Nina Allan is gaining a reputation as one of the most interesting British writers of speculative short fiction to emerge in recent years; her new collection is ample demonstration of why. The Silver Wind collects five ‘stories of time disrupted’ which are set in London and/or Sussex (though not necessarily the same ones), and which ostensibly share characters (though a character in one piece may be different when we encounter them again in another). The ultimate story of the volume may lie just as much in the spaces between tales as it does in the tales themselves.
Our guide through most of the collection is Martin Newland, a young man who has been fascinated with time ever since he was given a beautiful watch (which he calls his ‘time machine’) as a birthday present. We first meet Martin in ‘Time’s Chariot’, where his uncle Henry gives him a Longines watch for his eighteenth; much as Martin treasures the watch, though, his greatest love is for his sister Dora – a love which verges on the incestuous, and constantly threatens to tip over. Just as Dora is planning to study at Cambridge, however, she is diagnosed with terminal leukaemia; Martin’s greatest wish is that he could turn the clock back.
In the second story, ‘My Brother’s Keeper’, things are rather different. Here, there is no Dora, and never has been; rather than facing the loss of a sister, Martin has already lost a brother – Stephen – whose ghost remains by Martin’s side (and, indeed, can be seen by a few others). This Martin Newland’s first watch was a Smith, given to him at the age of fourteen by his mother’s friends, Judith and Myra. The story chronicles that birthday, when Martin visits Judith and Myra at their seaside cottage, becomes injured on the beach, and is helped in an unexpected way by Andrew Owen, an ex-circus performer who has an affinity of his own for time.
The figure of Andrew Owen reappears in all five stories, though in the title piece (which provides the hub of the collection), he is Owen Andrews, a clockmaker who allegedly worked with the army on experiments involving time travel. The Martin of this story visits Andrews in the hope that he might be able to find out how to avert the accidental death of his wife Miranda. What Martin discovers, however, is that that it’s not ‘time travel’ as such which is possible, but travel into different versions of reality: ‘The time stasis might grant you access to what you think of as the past, but it wouldn’t be the past that you remember. You wouldn’t be the same and neither would [Miranda].’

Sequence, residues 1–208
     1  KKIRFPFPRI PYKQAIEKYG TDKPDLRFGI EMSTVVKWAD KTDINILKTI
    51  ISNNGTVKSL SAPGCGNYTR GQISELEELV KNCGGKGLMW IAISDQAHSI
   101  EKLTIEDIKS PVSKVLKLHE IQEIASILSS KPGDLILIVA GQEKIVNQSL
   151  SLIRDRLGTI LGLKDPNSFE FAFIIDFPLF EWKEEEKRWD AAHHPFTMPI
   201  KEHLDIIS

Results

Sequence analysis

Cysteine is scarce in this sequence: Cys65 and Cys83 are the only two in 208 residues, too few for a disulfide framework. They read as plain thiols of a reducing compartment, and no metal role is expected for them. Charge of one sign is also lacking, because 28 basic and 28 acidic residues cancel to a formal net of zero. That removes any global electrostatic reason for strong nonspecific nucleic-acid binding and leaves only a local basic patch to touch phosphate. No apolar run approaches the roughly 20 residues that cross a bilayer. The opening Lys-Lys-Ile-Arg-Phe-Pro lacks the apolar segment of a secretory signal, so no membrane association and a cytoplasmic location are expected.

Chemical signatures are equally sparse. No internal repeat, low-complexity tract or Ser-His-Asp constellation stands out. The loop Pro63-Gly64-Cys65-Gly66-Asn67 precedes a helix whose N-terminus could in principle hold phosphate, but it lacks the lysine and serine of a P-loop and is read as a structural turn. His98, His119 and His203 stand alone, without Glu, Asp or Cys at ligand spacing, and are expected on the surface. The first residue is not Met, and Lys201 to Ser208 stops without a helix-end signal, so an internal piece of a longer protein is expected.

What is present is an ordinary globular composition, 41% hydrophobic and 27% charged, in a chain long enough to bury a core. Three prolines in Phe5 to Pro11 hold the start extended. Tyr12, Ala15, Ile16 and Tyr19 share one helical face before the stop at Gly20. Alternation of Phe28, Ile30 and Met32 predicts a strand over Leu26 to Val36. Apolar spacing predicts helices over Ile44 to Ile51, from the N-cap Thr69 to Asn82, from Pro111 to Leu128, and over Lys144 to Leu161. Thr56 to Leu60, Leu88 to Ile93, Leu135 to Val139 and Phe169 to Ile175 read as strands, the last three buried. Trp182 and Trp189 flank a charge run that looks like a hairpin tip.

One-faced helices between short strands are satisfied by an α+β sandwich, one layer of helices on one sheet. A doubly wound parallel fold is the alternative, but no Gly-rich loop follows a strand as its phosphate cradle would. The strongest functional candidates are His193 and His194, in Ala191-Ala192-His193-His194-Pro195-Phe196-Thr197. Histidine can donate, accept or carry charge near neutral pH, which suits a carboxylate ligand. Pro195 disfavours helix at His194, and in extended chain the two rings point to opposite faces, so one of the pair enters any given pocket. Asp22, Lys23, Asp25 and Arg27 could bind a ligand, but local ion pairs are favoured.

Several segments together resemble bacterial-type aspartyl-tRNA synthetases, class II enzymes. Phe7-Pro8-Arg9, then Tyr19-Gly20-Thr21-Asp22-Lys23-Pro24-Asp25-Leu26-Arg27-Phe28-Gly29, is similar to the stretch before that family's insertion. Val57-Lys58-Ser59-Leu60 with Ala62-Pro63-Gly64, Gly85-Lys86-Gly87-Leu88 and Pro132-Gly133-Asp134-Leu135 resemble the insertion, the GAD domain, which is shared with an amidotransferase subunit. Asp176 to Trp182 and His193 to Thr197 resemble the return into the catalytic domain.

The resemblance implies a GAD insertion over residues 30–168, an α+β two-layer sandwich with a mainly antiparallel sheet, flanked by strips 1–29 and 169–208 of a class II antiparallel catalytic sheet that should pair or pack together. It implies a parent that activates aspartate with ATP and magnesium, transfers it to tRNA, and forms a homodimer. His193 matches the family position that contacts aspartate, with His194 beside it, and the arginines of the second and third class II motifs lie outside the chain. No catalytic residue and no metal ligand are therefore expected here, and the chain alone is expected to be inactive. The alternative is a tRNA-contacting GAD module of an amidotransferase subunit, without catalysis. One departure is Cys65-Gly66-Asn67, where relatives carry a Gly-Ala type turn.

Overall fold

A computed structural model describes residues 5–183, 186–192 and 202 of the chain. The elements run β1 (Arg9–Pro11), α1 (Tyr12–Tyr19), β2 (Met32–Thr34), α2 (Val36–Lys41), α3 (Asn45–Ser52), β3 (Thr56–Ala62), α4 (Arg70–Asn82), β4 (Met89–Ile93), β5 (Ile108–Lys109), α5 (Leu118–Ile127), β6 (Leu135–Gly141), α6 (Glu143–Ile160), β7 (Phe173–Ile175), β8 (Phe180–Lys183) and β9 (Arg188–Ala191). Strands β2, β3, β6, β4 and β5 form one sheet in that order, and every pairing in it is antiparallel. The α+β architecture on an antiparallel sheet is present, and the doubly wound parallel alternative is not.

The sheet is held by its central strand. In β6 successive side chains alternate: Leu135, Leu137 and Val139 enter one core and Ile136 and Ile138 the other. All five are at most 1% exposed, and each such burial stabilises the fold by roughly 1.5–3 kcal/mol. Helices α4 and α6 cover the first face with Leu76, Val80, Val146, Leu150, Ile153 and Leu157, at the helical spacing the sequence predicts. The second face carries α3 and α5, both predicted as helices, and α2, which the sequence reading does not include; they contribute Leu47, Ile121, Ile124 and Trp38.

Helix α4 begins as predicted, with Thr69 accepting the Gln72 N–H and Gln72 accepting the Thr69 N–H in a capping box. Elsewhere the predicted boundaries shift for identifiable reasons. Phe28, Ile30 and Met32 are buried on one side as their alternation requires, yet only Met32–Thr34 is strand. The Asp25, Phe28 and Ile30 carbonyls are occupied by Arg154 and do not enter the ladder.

So that’s what we have in The Silver Wind: five different versions of reality; though it’s left to the reader to decide how (or indeed if) they fit together. What’s particularly striking about these stories is how grounded they are. Even when the collection is at its most fantastical, in the title story, Allan’s keen sense of place and solidity of detail anchor the supernatural (including the fairytale concept of a forest haunted by monsters – here subjects escaped from an experimental facility, whose bodies have been twisted by their ordeal) in a hard reality.
But Allan’s main focus in The Silver Wind is less on the fantastic and more on her characters and their emotions. This is perhaps felt most keenly in ‘Time’s Chariot’, which confronts the simple implacability of loss. That intensity of focus may slacken a touch as the collection moves towards the more overt fantastication of the title piece; but it’s right there again in the fourth story, ‘Rewind’, where our viewpoint character is Miranda, and the question is whether she and her work colleague Martin will come together – for, as we already know, happiness is far from guaranteed in these stories.
‘Time travel’ in The Silver Wind is not a magic solution to the characters’ problems – it’s not about getting a second chance at making good an old situation; at best, it gives you a new situation, with its own potential pitfalls. But there’s a note of optimism in the final piece, ‘Timelines: An Afterword’, which puts a different spin on the previous stories, and suggests that things can turn out all right if you’re lucky – or if you take control of life yourself. However you view these five stories linking together, they add up to an intriguing collection.